The only consistent member of the Pandora’s Box cast is an old lady seen begging on the streets, who at some point in the story lets the primary character know their future often in confusing terms. Whether they then believe it is of course up to them.

In Gluttony the recipient is Teze. Born in Ethiopia, he was adopted as an infant by a couple of French doctors, and his adopted father Pierre-Paul Egée rose to become Health Minister twenty years later, which is when the main story begins. With a BSE crisis seemingly imminent, Egée appoints his son as Chief of Staff. This political appointment can be justified by Teze’s qualifications. With his own child on the way, Teze is thrown into a world where political concerns often trump the best interests of humanity. “Don’t forget the economic importance of the beef market”, Teze is advised early into his tenure.

After the comparative disappointment of Sloth, Alcante is back on form, basing much of his story on Britain’s Bovine Spongiform Encephalopathy crisis of the 1990s, and the reaction to it in the EU, just transferring the circumstances to France. Brain disease in cows was passed along the food chain to humans, and Alcante inserts some scenes almost directly from real incidents, such as Agriculture Minister John Selwyn-Gummer feeding his daughter a burger as a promotional opportunity at the height of the crisis.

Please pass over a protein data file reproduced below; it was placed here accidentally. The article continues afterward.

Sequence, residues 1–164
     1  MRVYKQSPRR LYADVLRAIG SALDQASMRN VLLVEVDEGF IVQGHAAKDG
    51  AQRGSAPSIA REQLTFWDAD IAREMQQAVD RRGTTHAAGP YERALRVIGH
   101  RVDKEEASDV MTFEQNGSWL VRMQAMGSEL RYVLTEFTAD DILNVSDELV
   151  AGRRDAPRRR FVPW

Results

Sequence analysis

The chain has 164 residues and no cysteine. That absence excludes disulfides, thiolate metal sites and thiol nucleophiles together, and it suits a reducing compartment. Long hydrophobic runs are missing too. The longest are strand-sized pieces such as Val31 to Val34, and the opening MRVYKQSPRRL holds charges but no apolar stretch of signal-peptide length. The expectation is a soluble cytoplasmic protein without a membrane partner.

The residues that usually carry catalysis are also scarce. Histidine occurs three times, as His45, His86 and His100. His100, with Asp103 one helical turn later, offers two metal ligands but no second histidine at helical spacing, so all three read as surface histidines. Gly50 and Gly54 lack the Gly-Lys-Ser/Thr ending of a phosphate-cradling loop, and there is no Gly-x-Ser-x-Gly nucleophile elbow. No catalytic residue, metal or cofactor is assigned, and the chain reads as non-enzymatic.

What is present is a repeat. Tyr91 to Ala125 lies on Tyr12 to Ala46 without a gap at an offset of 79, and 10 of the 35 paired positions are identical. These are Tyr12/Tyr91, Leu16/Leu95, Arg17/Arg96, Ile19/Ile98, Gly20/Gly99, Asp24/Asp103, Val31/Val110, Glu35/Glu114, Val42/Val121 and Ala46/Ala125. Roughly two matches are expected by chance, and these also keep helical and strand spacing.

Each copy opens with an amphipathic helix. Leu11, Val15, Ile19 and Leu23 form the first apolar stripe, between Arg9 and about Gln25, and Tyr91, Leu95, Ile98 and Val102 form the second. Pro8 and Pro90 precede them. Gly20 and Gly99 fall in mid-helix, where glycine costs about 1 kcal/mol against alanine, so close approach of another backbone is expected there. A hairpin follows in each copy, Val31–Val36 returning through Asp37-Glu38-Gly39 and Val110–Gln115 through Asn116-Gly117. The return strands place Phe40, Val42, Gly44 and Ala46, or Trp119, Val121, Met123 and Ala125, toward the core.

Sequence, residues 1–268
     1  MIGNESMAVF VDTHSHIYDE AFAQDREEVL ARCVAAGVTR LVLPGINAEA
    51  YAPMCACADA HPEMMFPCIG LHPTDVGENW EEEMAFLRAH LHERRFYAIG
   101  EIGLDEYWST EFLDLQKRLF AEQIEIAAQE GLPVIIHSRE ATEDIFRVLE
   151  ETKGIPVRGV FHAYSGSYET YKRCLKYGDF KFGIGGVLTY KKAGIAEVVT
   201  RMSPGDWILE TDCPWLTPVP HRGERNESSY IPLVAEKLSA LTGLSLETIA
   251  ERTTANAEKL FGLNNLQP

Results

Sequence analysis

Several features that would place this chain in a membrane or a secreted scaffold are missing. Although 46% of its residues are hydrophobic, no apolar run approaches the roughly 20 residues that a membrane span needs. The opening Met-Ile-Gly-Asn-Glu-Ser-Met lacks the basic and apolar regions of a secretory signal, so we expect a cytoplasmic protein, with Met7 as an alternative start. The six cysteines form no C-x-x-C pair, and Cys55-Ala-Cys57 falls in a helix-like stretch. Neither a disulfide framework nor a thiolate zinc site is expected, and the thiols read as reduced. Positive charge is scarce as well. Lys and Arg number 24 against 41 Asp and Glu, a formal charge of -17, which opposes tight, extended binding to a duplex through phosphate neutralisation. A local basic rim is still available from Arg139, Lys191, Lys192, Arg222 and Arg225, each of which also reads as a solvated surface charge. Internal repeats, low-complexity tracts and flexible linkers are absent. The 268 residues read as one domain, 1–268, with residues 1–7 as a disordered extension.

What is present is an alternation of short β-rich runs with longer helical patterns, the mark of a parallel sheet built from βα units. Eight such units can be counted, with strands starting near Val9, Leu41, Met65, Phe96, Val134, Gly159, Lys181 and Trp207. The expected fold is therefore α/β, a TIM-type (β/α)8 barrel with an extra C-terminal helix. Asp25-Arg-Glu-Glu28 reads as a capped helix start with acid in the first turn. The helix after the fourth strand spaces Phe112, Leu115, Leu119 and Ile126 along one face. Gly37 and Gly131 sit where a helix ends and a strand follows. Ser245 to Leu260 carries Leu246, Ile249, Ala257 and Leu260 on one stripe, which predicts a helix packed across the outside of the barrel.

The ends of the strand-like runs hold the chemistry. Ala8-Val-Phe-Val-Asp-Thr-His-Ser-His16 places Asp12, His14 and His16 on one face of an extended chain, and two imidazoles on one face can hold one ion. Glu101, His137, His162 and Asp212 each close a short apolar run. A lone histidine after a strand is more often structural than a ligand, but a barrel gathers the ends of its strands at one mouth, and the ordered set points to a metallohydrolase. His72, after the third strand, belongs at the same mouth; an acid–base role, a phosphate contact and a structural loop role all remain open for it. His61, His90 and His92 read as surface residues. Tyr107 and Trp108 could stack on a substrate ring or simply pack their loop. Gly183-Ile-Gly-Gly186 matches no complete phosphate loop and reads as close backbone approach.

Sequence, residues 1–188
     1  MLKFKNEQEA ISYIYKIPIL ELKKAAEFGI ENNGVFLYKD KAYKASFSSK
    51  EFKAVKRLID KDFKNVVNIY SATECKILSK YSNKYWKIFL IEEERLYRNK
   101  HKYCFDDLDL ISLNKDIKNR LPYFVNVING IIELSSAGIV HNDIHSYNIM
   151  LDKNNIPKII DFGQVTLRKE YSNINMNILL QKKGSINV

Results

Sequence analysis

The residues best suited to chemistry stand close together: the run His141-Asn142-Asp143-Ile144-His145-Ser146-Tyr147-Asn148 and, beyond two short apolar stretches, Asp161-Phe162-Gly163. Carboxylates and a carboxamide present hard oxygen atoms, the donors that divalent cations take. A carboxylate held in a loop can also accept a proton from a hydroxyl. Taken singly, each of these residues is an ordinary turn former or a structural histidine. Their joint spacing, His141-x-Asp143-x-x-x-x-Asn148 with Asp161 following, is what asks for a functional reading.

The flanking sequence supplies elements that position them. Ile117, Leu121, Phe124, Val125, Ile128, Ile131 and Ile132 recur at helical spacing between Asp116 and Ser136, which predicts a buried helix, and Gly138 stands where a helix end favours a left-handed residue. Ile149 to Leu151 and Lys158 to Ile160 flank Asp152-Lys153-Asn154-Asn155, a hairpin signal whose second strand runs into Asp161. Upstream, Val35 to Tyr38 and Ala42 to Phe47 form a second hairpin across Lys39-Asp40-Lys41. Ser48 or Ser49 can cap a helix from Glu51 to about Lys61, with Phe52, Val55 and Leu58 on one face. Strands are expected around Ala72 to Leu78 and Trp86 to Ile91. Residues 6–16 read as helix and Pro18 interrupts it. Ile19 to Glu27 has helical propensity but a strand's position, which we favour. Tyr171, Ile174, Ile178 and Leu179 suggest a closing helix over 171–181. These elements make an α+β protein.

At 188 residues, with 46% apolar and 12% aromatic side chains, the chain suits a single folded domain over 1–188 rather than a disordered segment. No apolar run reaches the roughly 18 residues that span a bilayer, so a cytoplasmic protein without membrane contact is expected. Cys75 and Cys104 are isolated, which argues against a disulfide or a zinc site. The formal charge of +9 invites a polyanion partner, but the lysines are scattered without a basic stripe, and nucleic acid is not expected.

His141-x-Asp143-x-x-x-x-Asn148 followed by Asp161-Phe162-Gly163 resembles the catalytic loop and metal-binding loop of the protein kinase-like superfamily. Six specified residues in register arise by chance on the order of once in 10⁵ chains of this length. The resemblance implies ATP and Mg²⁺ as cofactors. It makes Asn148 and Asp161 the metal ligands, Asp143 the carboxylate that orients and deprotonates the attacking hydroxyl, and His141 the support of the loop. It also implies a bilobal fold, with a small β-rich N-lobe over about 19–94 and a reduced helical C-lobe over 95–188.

Alcante is scathing about the factory farming on which European food production is based, and unsparing about conveying the horrors of it, among vast amounts of other pertinent information. This is obviously heartfelt on the author’s part, but that has both pros and cons. At times there’s the feeling of being lectured, and it occasionally slows the plot to a crawl, yet there’s a fine sequence set in a restaurant switching between the process involved in getting the food to the table. While almost exactly following the pattern of Britain’s BSE outbreak, the plot also has twists involving corruption and eventually a heart-rending ethical decision needs to be made.

The artists of the series shift along with the narrative spotlight, and Steven Dupré is very good, although his figures seem posed in places. He lays out the story well, effortlessly incorporating the huge amount of dialogue required, and although he disciplines himself to the needs of Alcante’s script here, a quick online check displays an admirable adaptability.

Pandora’s Box next turns its attention to Greed.